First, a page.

# How to apply gravity to flow in CFX?

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 June 29, 2003, 21:48 How to apply gravity to flow in CFX? #1 Miko Guest   Posts: n/a Hi all! I have to consider the effect of gravity, but I don't know how. Can anybody tell me how to put it into practice? Thank you! Best regards! Miko

 June 29, 2003, 22:21 Re: How to apply gravity to flow in CFX? #2 zahid Guest   Posts: n/a Hi Miko In order to incorporate gravity effects you will have to choose the flow to be buoyant. Then you can specify the gravity components.

 June 30, 2003, 00:05 Re: How to apply gravity to flow in CFX? #3 Miko Guest   Posts: n/a Hi Zahid! Yes, but when I want to enable buoyant, it seems that only if domain model is multiphases or the fluid temperature is not constant the option is available. But what I need is only gravity, and I can ignore the change of temperature. What should I do? Thank you! Best regards! Miko

 June 30, 2003, 09:38 Re: How to apply gravity to flow in CFX? #4 Bob Guest   Posts: n/a Miko, what exactly are you trying to model ? If you could give a little more detail then I'm sure people would be able to help. Bob

 June 30, 2003, 11:38 Re: How to apply gravity to flow in CFX? #5 Louwrens Guest   Posts: n/a Because buoyancy is temperature and pressure dependent, you can't enable buoyancy when your fluid is isothermal. unless your flow is high-speed, use the thermal energy heat tranfer model. This will enable you to activate buoyancy and specify the gravity vector. Since you don't care about the temperature of the fluid, just specify the inlet temperature and make sure your boundaries are adiabatic.

 June 30, 2003, 11:43 Re: How to apply gravity to flow in CFX? #6 centaur_ks Guest   Posts: n/a u mean u dont want to solve energy eqn and wants the flow to be isothermal but still u want to specify gravity component. if this is the situation, then when u specify let it take non-isothermal thing, but u can always modify parameter file. like in CFX-TASCflow, if you specify TMPTRE = F in parameter file then inspite of specifying temperature change in GUI during problem specification, solver wont solve temperature and it would assume constant temperature. J-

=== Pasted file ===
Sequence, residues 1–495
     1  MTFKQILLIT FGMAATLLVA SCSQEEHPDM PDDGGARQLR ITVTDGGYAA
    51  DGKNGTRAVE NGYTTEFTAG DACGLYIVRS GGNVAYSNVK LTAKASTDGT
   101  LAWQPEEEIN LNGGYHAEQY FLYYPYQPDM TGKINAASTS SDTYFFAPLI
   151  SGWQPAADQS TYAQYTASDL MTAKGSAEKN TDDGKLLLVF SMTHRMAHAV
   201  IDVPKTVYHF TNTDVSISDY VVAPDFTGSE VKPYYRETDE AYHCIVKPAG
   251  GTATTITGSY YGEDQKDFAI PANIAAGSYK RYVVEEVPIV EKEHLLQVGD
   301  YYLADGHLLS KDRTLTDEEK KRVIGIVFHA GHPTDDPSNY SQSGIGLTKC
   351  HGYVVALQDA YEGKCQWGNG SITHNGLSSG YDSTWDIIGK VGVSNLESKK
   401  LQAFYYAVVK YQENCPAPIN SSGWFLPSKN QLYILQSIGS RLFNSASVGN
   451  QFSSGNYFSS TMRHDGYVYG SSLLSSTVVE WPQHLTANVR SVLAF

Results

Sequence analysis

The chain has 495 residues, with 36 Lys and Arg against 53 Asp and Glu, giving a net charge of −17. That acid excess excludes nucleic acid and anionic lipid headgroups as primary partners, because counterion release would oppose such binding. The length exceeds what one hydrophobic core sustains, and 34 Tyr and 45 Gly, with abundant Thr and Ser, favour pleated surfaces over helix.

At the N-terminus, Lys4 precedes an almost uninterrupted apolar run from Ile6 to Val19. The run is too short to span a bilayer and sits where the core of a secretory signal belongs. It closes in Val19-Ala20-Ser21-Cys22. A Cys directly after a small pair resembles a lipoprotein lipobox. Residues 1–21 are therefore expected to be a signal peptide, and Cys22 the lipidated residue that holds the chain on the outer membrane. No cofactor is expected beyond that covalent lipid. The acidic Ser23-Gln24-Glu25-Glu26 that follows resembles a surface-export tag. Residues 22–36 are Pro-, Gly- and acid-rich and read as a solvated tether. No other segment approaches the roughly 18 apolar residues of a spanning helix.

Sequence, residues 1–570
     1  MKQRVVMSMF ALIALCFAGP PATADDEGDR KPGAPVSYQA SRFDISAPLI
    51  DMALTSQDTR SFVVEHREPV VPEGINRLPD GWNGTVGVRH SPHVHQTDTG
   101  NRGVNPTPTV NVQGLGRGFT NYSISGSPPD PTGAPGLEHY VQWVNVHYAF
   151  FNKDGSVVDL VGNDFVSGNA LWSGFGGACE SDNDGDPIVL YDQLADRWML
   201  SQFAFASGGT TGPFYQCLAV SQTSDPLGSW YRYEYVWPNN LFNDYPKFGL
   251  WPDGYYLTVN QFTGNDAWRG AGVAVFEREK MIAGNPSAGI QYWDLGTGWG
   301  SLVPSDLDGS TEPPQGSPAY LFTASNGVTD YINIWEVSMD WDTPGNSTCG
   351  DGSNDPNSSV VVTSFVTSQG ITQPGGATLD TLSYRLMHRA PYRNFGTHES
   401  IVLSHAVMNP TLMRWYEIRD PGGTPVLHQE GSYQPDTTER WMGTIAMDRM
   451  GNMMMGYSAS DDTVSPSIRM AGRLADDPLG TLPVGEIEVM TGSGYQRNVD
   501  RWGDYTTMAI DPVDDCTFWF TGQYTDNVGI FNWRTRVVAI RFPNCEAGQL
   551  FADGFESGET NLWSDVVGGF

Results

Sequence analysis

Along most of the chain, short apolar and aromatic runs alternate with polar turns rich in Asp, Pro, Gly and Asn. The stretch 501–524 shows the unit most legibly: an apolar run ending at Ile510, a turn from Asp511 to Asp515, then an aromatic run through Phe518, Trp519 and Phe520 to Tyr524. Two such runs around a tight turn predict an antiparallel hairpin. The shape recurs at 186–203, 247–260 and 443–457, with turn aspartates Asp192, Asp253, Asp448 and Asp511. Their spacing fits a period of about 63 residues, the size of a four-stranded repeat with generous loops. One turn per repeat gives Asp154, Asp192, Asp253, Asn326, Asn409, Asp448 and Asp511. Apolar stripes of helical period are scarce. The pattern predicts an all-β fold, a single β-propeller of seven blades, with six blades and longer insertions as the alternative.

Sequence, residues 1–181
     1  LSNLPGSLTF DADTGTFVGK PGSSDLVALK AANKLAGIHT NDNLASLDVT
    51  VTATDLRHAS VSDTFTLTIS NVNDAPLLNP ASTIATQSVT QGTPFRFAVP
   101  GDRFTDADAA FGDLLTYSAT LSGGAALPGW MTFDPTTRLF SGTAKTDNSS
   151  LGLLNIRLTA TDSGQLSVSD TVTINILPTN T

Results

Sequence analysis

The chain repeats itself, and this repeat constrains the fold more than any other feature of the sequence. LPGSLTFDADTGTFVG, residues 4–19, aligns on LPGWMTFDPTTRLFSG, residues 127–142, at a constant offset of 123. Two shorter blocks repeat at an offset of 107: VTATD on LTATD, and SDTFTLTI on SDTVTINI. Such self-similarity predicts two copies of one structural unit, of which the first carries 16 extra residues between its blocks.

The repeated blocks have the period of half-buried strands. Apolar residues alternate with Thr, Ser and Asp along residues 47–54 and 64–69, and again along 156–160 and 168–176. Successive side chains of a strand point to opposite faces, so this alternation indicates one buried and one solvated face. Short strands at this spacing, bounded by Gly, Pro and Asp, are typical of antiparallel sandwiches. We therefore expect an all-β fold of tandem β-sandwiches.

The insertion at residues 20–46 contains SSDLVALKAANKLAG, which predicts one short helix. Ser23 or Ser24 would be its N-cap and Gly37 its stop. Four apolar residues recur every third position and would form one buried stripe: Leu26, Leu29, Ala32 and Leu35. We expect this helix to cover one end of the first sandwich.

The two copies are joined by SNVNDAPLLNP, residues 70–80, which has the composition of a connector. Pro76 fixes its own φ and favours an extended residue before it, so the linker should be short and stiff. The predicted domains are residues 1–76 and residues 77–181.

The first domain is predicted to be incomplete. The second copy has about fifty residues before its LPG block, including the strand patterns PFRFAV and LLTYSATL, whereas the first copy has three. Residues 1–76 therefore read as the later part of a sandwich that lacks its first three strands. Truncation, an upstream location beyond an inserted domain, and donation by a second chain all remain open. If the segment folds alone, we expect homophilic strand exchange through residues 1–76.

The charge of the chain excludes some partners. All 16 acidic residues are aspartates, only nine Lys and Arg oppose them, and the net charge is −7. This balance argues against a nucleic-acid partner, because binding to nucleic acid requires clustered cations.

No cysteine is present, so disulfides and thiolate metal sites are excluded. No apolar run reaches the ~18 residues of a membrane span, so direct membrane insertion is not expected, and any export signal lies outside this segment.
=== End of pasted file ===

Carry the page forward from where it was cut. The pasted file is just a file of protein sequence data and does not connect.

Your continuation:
June 30, 2003, 22:40 Re: How to apply gravity to flow in CFX? #7 Miko Guest   Posts: n/a Dear Zahid, Bob, Louwrens and Centaur_ks, Thank you all for giving me suggestion. In fact, what I am modeling is duct flow. The fluid is liquil metal, and besides Lorentz force concerned, I have to consider the effect of gravity. Liquid metal is single phase, so I needn't two or more phase. The physical image is as followed: liquid metal whose conductivity (denoted by c) is 2.878E+6 (ohm^-1 m^-1), flows in the insulator duct along Z axle, and the direction of external magnetic field (denoted by B) is X axle. We can know that in the Momentum equation Lorentz force Z component is -c*B^2*w and Y component -c*B^2*v where w and v mean the value of velocity along Z and Y axle, respectively, and B is equal to 1 (T). As for gravity, its form is density*g and direction is -Y axle. In CFX, in order to add body force, I use CEL to creat values and expressions. For instance, I created bodyforce_z=-c*B^2*w and bodyforce_y=-c*B^2*v-density*g with CEL, then I created a Fluid Subdomain named Bodyforce, enabled source of momentum in the subdomain, and specified it in the following way: Momentum: x-comp 0 kg m^-2 s^-2 Momentum: y-comp bodyforce_y Momentum: z-comp bodyforce_z After doing this, I run Solver, but I found it's difficult to converge. Can somebody give me some guideline and tell me how to add body force properly?